Local cops react to court's revisiting Miranda warning

December 07, 1999|By KIMBERLY YAKOWSKI

Word that the U.S. Supreme Court will decide whether police still must warn criminal suspects they have a right to remain silent and to get a lawyer's help has drawn mixed reaction from area law enforcement officers.

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The Supreme Court Monday said it would rule by summer on whether Congress in 1968 effectively overturned its 1966 Miranda ruling, intended to prevent police from coercing confessions from suspects.

Failure to inform a suspect of the rights outlined in the Miranda ruling prior to questioning can result in evidence such as a confession or some incriminating statement being lost to prosecutors.

Earlier this year, the conservative 4th U.S. Circuit Court of Appeals ruled that a long-ignored 1968 federal law known as Section 3501 means failure to issue Miranda warnings no longer requires automatic exclusion of evidence in federal prosecutions. The appeals court's rationale would apply to state prosecutions as well.


Hagerstown City Police Captain Robert Hart said if the Miranda decision were overturned suspects would still have rights under the law.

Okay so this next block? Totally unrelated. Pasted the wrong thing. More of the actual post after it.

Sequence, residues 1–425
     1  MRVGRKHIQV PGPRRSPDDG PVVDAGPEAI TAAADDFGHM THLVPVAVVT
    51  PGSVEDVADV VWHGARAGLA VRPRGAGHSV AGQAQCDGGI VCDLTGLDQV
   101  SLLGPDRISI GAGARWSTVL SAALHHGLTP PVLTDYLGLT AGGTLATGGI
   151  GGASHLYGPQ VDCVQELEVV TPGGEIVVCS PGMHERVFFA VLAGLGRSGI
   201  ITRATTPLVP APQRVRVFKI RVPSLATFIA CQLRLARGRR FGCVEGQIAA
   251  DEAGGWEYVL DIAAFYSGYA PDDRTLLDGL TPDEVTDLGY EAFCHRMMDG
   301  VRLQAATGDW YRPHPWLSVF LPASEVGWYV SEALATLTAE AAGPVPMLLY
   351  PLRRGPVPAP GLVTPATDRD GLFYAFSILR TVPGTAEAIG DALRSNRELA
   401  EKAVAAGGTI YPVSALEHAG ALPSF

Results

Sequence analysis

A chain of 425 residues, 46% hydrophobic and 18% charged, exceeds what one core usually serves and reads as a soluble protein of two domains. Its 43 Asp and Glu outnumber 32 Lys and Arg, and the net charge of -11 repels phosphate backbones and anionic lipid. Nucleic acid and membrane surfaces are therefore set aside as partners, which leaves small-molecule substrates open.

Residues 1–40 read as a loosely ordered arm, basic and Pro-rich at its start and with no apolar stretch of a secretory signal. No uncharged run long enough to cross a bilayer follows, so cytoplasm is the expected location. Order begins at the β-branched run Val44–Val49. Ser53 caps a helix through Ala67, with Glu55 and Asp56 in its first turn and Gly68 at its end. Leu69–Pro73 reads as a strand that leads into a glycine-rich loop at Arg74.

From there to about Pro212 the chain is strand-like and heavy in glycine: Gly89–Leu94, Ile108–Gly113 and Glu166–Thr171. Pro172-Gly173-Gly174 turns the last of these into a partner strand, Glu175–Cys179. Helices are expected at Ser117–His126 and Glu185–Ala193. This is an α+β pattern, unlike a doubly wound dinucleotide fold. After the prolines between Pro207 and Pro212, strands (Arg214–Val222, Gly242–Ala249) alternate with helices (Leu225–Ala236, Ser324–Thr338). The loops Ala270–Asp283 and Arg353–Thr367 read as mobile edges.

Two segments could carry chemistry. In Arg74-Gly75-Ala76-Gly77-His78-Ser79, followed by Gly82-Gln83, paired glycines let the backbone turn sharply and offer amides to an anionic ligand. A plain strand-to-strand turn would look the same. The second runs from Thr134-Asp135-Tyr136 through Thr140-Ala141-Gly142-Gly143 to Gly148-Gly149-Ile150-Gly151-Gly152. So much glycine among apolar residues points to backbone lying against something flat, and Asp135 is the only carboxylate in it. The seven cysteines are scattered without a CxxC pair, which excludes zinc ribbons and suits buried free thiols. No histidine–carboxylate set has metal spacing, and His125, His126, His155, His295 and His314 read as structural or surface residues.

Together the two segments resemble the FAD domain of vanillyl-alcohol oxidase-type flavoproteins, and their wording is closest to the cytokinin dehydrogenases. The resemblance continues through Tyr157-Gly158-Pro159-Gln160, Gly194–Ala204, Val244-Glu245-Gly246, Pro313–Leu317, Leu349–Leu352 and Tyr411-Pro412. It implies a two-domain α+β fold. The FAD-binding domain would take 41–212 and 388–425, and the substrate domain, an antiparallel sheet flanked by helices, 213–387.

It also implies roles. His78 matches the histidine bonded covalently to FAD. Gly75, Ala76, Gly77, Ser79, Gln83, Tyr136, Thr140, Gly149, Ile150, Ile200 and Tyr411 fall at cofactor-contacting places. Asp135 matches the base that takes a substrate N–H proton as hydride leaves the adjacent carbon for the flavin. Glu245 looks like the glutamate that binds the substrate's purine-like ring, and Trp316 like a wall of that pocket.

He said he believes the Miranda law should be modified and isn't likely to be thrown out completely.

"It would be a step in the right direction," said Hart.

Hancock Police Chief Donald Gossage said he supports a modification of the Miranda law but not its elimination.

"The federal law is a little restrictive," he said.

Gossage said, however, that the Miranda requirement prevents officers from cutting corners.

"It makes them do the right thing," Gossage said.

Gossage said he believes many courts already weigh other factors when deciding whether or not to throw out a confession.

No matter what happens, Hancock's police department will continue to give Miranda warnings to suspects taken into custody, he said.

"It won't affect the way we do business," said Gossage.

Whatever the Supreme Court decides, Maryland State Police will adapt, according to Capt. Greg Shipley, public information officer.

"Our position is that we follow the law and procedures," he said.

It might be easier to obtain confessions from suspects if they're not informed of their rights, but overturning the Miranda ruling wouldn't necessarily be a good thing, said Washington County State's Attorney Kenneth Long.

"A suspect might be more willing to give a confession if they think they have to talk to the police. But the Miranda warning was done as a result of police abuses and we all want to be sure police would not abuse their authority," said Long.

Lewis Metzner of the Hagerstown Chapter of the American Civil Liberties Union said he has concerns about overturning Miranda and potential mistreatment of suspects.

"It's a step backward to a different time," he said.

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